In the beginning of the 19th Century, many white Americans are settling in the Mexican province of Texas. As the years go by, political conflicts between the settlers and the Mexican ...
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In 1864, due to frequent Apache raids from Mexico into the U.S., a Union officer decides to illegally cross the border and destroy the Apache, using a mixed army of Union troops, Confederate POWs, civilian mercenaries, and scouts.
When son of a conservative small rancher refuses to go to the Vietnam War, his father disowns him. Fifteen years later his mother asks him to return home and try one final time to make peace with his still proud and stubborn father.
In the beginning of the 19th Century, many white Americans are settling in the Mexican province of Texas. As the years go by, political conflicts between the settlers and the Mexican government are escalating which would lead to war and Texan independence.Written by
Dragan Antulov <firstname.lastname@example.org>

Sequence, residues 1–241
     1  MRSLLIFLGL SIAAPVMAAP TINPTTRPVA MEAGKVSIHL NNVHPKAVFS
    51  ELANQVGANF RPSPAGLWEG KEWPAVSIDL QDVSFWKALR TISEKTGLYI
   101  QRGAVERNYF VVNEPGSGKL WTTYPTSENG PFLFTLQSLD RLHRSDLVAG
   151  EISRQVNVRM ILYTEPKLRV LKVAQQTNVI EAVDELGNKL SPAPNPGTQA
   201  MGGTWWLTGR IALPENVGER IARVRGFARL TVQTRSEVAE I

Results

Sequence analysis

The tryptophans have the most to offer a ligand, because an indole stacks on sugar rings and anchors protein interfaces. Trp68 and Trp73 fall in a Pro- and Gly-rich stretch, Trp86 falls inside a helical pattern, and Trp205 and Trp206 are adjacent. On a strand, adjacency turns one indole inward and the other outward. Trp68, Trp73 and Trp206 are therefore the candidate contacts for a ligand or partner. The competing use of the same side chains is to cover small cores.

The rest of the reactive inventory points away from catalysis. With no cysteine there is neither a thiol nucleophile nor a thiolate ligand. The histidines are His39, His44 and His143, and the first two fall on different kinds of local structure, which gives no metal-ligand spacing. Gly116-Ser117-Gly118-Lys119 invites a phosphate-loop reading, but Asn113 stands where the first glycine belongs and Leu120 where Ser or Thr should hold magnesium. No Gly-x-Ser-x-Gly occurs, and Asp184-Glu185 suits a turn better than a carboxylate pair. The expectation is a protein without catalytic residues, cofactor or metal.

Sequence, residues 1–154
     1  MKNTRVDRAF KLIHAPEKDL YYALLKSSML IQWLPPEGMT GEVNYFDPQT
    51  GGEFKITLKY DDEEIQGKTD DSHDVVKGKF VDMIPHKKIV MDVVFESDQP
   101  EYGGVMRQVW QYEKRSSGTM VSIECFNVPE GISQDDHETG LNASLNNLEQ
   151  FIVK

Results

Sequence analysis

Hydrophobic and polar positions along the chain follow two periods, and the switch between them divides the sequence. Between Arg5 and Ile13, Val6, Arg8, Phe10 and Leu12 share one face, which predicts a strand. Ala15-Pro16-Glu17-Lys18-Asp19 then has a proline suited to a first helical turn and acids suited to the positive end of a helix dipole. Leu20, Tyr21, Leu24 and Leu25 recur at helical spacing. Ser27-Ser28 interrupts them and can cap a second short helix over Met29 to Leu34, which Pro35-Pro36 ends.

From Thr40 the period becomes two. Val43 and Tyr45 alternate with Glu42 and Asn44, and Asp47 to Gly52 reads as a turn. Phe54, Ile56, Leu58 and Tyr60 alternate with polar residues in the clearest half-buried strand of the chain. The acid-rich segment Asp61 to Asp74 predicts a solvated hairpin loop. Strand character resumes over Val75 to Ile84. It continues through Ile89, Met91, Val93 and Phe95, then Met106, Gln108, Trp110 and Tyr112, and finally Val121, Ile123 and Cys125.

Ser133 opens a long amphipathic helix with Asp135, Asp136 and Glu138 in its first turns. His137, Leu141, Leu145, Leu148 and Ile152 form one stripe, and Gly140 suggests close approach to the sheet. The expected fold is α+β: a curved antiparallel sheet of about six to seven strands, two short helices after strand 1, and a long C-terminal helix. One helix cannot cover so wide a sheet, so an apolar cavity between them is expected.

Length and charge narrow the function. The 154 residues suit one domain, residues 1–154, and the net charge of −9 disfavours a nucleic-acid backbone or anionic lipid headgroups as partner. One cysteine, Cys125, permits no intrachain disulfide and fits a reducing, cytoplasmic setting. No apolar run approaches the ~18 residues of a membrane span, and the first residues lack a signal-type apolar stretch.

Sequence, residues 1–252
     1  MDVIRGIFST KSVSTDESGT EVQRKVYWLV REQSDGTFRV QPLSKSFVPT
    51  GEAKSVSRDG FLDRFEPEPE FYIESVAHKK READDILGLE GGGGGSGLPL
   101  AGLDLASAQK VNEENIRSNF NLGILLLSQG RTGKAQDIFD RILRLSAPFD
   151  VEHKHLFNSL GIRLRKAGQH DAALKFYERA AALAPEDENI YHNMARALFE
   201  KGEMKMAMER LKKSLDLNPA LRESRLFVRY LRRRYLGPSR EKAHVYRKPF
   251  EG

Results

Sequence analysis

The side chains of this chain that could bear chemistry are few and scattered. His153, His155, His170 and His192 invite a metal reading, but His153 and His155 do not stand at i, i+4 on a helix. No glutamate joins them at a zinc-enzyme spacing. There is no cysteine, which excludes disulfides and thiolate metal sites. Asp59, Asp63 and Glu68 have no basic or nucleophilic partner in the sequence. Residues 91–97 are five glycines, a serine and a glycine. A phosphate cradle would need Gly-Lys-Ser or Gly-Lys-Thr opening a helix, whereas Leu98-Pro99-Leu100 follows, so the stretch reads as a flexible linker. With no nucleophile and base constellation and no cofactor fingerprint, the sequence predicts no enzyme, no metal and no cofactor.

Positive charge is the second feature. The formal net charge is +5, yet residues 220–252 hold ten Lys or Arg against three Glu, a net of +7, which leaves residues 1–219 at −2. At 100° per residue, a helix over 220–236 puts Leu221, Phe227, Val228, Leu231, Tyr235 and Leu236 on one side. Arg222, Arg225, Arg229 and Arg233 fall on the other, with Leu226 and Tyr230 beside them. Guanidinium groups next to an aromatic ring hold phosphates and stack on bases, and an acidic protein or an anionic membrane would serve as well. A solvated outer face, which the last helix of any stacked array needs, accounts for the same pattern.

This movie is hokey as heck, but enjoyable if you're interested in the subject. Benjamin Bratt fans should especially like it; his character spans the entire movie and he turns in a charismatic performance. Stacy Keach does fine work as Sam Houston, and Rick Schroder is good as the emotionally conflicted young hero. Production is a bit spotty; quite a bit of the Alamo battle scene is footage from the old John Wayne movie!
Of course, the movie does not mention that one of the main "freedoms" the Texas settlers were fighting for was the freedom to own slaves (for some reason the "oppressive" Mexican government thought that was wrong). Funny, how those who exhort others to fight for freedom so often have their eye on exploiting or subjugating other people...some things never change, especially in Texas!
7 of 18 people found this review helpful.
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